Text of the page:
July 16, 2021
CANVAS is pleased to bring you another weekly report! This week covers anti-government protests in Cuba, deadly riots in South Africa, and a costly fire in an Iraqi Covid hospital.
Cubans continue to take to the streets as anti-government demonstrations grow in both size and number across the island. Last Sunday, the Caribbean nation saw the largest wave of protests since the 1994 “Maleconazo” – and the whole world is watching. Cubans protest a lack of freedom, food, medicine as the country undergoes a dire economic crisis aggravated by the covid-19 pandemic and U.S. sanctions. According to anti-government activists of the Movimiento San Isidro, the famed Cuban art collective, more than 100 people have been arrested or are missing on the island following the first day of protests. Moreover, one person died during clashes with police on Monday, Cuba’s Ministry of Interior said Tuesday according to state-run Radio Rebelde. Find more information on the situation in Cuba in the country-specific section below.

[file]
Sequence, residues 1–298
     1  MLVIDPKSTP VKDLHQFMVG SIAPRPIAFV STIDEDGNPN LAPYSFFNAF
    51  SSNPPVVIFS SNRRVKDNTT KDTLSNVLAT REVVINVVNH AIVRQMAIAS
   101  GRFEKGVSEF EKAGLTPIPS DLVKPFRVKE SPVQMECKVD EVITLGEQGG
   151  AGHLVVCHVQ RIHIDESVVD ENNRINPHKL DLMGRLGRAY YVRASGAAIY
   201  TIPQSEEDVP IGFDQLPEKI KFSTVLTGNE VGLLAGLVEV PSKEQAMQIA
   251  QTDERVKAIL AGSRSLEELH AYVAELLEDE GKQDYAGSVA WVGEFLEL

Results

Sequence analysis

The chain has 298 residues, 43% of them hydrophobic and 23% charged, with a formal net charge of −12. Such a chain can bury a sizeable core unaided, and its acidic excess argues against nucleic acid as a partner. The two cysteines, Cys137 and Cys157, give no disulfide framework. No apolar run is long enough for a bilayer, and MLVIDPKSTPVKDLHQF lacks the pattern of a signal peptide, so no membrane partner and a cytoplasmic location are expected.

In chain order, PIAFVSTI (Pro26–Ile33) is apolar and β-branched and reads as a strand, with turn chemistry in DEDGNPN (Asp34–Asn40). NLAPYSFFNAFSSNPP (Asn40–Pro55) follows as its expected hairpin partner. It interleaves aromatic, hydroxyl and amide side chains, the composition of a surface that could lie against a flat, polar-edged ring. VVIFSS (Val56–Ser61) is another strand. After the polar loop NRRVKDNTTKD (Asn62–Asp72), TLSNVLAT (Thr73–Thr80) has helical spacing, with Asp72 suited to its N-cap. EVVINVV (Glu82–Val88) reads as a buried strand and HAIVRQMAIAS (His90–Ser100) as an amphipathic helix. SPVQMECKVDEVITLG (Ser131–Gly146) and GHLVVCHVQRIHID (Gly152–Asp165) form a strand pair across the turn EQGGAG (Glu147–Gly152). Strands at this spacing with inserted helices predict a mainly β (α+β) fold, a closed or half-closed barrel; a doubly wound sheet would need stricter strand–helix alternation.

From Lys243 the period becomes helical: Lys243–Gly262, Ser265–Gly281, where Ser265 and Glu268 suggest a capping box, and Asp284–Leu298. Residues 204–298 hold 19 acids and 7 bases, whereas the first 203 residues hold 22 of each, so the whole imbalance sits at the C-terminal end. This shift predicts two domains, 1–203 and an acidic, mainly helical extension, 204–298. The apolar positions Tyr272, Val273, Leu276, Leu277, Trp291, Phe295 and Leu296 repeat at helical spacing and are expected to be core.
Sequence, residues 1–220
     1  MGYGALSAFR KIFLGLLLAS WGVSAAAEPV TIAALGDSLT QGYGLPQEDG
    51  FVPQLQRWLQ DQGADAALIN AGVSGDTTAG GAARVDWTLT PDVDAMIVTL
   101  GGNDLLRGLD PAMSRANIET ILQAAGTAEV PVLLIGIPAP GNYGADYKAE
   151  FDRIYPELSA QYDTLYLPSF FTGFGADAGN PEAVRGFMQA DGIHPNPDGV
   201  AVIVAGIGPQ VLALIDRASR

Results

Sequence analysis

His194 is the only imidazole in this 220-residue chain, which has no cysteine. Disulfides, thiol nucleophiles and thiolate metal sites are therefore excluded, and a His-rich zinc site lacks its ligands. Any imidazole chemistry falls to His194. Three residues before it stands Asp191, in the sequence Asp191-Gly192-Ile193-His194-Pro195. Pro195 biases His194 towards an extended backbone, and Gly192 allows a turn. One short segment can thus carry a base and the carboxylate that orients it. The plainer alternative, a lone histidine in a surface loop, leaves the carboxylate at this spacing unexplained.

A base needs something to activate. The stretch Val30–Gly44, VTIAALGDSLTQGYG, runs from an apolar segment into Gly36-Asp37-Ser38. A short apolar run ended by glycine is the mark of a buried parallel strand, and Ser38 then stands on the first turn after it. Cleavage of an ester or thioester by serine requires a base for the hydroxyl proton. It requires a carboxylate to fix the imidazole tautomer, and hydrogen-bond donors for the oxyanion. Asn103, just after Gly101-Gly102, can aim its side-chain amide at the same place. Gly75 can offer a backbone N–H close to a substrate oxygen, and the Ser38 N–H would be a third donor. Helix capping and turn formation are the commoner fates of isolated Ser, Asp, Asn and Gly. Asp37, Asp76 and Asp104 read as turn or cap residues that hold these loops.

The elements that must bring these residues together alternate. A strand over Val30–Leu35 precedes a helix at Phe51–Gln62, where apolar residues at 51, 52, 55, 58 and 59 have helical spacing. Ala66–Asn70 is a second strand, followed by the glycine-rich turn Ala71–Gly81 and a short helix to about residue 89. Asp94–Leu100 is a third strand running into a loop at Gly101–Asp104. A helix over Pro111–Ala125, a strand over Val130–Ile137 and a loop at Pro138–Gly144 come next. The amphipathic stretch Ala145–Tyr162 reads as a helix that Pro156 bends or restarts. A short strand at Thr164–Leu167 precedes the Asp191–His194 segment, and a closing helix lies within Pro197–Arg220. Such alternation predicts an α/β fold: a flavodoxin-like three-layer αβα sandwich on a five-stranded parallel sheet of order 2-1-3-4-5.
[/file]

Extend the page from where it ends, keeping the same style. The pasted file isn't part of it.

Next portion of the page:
South African security forces were struggling to restore order in part of the country on Tuesday, as police said the number of people killed in days of protests and looting rose to at least 72, some of the worst violence the country has seen in years. Protests began last week as former South African President Jacob Zuma turned himself in to the authorities to serve a 15-month jail term for contempt of court. He had refused to appear at an anti-corruption commission to face several allegations, including bribery and fraud, which he has repeatedly denied. Among those killed were 10 who died in a stampede in the township of Soweto as demonstrators ran from police.